June 16—forging political change/ transforming the world


Today is the anniversary of the Soweto uprisings, also known as June 16 (1976), the turning point for apartheid in South Africa. Starting as a peaceful protest by students against the enforced use of the Afrikaans language in the schools (Bantu Education Act 1953),  10,000 to 20,000 students took to the streets. The police opened fire against the peacefully protesting students “officially” killing 176 but in fact the death toll was closer to 700. One thousand were wounded. The images of unarmed students being killed and wounded pushed international opinion increasingly to the side of the blacks, exposing the literal brutality of the apartheid regime to the world. The United Nations passed Security Council Resolution 392 condemning the response of the apartheid regime and reaffirming the right of self-determination for South African people. Even Henry Kissinger commented on the negativity that this incident cast upon the entire country. The protest spread across South Africa. Though it took another 14 years for Mandella to be released from prison, there never again was peace in South Africa until apartheid was dismantled. The Soweto uprisings unleashed a flood of political protest that would never be suppressed.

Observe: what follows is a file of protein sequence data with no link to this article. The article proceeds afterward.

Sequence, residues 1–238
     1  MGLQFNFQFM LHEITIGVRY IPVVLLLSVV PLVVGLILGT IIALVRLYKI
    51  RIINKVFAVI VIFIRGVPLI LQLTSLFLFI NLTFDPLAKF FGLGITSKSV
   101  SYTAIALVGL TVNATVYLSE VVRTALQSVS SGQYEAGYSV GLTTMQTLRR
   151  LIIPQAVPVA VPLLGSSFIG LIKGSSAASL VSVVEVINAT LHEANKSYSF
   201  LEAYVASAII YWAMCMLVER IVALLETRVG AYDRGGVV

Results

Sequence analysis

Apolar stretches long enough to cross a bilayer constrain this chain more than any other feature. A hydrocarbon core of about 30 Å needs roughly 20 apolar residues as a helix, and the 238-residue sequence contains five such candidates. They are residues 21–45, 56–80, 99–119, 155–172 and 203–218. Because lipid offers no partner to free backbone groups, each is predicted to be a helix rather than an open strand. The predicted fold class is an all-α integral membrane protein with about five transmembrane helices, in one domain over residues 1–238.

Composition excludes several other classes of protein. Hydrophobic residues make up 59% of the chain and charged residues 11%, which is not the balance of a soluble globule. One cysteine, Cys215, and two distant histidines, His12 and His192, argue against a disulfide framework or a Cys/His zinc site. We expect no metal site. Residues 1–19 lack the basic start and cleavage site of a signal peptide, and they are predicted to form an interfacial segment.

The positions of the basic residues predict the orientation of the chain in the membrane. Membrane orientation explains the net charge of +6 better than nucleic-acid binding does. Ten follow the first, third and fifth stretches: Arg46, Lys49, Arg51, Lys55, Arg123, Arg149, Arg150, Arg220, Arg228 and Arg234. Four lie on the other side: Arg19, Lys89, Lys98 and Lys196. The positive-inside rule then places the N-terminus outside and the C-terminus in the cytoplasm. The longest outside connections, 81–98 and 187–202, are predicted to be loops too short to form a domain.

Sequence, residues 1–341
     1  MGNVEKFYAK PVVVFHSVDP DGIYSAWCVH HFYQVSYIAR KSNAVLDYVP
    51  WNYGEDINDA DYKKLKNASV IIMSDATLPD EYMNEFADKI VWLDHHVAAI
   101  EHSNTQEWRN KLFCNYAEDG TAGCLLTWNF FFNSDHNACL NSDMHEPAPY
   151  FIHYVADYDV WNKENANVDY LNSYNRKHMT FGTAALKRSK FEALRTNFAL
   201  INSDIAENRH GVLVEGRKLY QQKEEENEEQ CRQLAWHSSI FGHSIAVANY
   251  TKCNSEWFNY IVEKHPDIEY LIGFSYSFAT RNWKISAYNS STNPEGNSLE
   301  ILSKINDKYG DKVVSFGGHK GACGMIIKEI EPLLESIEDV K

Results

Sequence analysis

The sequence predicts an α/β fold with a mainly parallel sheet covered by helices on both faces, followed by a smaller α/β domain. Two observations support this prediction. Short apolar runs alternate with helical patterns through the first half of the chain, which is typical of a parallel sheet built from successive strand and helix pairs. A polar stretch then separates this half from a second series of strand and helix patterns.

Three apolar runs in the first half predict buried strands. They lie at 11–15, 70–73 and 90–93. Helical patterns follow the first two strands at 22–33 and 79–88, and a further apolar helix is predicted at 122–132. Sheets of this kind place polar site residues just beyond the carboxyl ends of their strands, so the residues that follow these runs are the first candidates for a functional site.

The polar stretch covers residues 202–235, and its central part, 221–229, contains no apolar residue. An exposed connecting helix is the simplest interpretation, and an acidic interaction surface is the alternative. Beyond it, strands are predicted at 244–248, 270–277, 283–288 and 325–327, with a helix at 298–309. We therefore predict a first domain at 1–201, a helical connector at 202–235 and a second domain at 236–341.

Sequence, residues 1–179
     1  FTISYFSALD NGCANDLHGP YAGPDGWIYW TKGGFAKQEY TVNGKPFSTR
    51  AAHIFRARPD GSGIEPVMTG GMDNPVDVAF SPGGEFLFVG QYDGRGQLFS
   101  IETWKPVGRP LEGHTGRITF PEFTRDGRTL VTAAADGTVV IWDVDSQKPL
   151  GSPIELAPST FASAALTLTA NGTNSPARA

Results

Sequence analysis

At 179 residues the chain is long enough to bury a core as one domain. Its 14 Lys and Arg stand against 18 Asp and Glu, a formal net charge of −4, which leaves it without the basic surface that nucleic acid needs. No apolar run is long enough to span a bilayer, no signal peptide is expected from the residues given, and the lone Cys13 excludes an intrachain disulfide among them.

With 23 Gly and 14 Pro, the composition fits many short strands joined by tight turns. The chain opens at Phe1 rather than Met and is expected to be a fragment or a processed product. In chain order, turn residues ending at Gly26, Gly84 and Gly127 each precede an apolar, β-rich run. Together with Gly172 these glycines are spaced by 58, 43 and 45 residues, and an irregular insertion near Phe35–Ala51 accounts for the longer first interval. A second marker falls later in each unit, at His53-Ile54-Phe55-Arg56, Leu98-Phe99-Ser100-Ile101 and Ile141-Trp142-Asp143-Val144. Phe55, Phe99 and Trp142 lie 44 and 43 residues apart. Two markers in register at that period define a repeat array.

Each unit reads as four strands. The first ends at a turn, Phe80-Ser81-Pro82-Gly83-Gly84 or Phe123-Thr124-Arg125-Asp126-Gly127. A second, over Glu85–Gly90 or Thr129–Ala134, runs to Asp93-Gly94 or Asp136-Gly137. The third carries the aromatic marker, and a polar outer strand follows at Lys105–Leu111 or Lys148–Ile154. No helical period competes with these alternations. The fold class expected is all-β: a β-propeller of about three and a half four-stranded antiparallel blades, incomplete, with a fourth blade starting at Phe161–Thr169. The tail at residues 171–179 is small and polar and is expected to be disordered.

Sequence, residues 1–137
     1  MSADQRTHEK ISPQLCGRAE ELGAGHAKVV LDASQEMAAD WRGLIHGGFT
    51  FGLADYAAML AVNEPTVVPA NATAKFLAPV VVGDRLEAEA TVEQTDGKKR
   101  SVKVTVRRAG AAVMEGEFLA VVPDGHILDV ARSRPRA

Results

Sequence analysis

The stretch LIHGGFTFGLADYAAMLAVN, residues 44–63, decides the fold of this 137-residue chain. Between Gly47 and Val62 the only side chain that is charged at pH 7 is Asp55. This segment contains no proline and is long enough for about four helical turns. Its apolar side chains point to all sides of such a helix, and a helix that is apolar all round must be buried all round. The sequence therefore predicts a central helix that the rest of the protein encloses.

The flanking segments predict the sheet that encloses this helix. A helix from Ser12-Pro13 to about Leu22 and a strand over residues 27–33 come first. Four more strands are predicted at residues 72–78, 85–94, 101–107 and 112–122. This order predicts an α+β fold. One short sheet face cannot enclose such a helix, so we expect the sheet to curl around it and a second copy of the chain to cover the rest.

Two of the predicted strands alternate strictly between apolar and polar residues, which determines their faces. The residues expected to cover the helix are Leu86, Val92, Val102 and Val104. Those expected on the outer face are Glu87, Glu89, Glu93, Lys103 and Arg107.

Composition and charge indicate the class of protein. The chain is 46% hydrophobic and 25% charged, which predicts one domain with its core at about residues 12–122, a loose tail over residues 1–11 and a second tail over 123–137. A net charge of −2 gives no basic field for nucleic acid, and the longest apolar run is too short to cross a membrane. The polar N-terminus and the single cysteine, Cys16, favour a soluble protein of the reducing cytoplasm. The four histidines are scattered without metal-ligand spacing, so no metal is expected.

One of the first students killed in the Soweto uprisings was Hector Pieterson, 12 years old. His picture (shown above), taken by the photographer Sam Nzima, has become the iconic symbol and rallying cry for freedom and the end of apartheid. (Hector is carried by 18 year old Mbuyisa Makhubo, with Hector’s sister to his right.)

The fact that this turning point was driven by the youth of the country is not insignificant. In fact, this day is a public holiday known as National Youth Day in South Africa and is a demonstration of the power of young people in forging political change and in transforming their world.


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